Now that Rabbi Hartman is dead, his constituency, the news media, is publishing flattering obituaries.
I’m wondering what was R. Hartman’s significance aside from headlines? He was undoubtedly a scholar, but to me he was an abstruse thinker like R. Yosef Baer Soloveitchik who had little real-world influence.
Historian Marc B. Shapiro replies to my email: “Yes he did [have significance]. He wrote valuable works that made an impact. The institute he established in Jerusalem has also had a great influence in many ways.”
Here’s a paragraph from a blog post by Orthodox Rabbi David Wolkenfeld on Hartman: “The quest by Jews, in the aftermath of the Enlightenment, to translate the message of Judaism into something with universal significance was, to Rabbi Hartman, a mistake. The Torah is not a universal book with universal significance to all people. Rather, the Torah should be understood as a particular book about the relationship between the Jewish people and God. One therefore cannot turn to the Torah for guidance about other nations, other religions, and their place in God’s universe. That just is not what the Torah is about.”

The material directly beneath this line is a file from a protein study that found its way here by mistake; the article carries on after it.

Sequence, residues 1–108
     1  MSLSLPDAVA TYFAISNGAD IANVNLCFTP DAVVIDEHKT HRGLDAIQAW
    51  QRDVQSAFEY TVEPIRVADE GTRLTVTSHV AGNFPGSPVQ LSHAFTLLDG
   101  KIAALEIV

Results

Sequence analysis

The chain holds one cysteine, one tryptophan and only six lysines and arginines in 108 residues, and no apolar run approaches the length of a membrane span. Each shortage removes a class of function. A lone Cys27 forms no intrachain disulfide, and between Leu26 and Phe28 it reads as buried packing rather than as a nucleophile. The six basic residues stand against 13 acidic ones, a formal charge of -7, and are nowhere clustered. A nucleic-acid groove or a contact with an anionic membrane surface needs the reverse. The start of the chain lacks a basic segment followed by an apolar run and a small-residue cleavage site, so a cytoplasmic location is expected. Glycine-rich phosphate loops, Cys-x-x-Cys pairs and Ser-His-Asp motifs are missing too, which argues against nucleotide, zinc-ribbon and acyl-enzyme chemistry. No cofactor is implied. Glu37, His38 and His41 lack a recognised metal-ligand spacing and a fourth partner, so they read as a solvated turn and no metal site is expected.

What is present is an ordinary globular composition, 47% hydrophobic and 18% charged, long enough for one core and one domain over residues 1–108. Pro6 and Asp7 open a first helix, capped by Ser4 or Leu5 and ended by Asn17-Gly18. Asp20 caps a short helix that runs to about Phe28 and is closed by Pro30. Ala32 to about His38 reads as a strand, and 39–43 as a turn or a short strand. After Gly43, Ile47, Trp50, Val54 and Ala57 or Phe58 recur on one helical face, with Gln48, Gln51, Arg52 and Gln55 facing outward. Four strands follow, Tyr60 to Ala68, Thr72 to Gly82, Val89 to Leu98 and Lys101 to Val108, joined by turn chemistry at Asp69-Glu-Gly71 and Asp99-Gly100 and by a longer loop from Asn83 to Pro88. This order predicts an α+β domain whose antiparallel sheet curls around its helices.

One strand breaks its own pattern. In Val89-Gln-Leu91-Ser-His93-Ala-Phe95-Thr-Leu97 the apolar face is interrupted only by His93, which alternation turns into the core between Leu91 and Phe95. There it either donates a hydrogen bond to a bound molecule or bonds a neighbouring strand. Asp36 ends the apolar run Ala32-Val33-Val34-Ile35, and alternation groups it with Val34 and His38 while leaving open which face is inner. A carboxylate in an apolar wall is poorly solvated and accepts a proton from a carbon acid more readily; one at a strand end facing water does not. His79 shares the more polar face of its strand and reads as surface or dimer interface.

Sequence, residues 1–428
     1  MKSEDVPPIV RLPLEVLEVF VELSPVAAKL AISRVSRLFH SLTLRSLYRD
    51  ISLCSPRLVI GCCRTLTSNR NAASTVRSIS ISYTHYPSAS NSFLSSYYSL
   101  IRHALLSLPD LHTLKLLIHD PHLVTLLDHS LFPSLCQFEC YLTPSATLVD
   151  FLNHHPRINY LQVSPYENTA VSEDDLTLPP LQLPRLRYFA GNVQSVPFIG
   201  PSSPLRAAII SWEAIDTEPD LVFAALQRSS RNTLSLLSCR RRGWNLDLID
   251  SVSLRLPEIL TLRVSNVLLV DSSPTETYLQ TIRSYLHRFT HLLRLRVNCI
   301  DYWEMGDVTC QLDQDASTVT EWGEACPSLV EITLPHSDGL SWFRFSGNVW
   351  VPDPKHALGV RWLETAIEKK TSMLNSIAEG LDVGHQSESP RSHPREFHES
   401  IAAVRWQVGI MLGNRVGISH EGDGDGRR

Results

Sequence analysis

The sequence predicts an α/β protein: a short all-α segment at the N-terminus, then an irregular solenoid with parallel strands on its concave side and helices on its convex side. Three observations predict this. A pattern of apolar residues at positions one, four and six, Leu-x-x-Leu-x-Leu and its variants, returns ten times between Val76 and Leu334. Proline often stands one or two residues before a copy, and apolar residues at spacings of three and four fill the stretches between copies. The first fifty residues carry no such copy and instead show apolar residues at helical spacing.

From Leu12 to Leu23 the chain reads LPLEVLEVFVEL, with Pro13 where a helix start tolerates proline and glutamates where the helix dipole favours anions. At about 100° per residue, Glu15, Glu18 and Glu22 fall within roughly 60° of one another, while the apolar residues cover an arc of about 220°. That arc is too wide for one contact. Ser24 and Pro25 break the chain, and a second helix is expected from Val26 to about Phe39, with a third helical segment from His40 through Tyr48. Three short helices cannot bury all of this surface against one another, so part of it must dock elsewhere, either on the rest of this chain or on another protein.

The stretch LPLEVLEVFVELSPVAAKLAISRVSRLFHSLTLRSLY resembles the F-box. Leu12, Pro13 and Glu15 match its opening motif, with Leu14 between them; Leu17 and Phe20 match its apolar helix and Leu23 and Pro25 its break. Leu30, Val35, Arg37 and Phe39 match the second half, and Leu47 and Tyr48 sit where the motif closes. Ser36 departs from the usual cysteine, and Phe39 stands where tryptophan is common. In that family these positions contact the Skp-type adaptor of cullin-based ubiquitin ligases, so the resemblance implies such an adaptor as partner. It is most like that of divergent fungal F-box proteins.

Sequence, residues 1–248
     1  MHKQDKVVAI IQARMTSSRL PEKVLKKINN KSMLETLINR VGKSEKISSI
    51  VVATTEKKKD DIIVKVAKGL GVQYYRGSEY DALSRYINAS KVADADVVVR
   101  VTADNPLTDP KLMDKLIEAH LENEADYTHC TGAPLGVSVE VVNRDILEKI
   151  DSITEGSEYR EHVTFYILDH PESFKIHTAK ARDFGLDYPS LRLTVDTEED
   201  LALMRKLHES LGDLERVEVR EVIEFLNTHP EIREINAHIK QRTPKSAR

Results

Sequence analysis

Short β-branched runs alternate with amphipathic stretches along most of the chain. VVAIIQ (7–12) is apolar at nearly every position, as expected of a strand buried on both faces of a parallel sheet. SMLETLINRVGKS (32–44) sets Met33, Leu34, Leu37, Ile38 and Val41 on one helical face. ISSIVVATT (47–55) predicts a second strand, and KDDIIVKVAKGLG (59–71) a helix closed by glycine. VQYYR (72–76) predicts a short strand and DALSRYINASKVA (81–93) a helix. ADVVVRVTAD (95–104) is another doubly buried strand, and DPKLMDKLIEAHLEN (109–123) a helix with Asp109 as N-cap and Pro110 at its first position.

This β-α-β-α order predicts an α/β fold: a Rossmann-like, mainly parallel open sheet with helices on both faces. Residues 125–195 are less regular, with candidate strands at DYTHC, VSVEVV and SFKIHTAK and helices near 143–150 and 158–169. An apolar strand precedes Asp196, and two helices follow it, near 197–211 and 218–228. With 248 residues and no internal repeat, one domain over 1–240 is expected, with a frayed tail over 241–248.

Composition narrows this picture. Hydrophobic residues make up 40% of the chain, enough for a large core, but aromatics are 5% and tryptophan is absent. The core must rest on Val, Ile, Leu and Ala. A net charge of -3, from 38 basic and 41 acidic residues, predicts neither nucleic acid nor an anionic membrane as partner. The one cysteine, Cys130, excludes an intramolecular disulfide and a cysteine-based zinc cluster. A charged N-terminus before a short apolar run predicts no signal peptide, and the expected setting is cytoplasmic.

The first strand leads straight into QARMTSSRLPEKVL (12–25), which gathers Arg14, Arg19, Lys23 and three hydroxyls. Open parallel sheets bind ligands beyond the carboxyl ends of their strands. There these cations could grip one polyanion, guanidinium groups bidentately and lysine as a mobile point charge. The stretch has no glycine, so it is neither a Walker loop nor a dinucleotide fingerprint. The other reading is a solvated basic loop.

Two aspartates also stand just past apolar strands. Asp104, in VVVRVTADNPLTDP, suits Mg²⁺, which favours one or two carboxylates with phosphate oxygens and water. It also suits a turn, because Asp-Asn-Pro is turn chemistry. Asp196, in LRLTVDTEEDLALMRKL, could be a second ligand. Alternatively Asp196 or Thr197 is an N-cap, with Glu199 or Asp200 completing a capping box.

This is the opposite of Dennis Prager’s approach and, frankly, it seems like the opposite of common sense. How could a book only have meaning to one particular people?
Torah scholars such as Rabbi Hartman have contempt for guys like Dennis Prager and Joseph Telushkin who primarily toil in books about Torah, not Torah literature itself.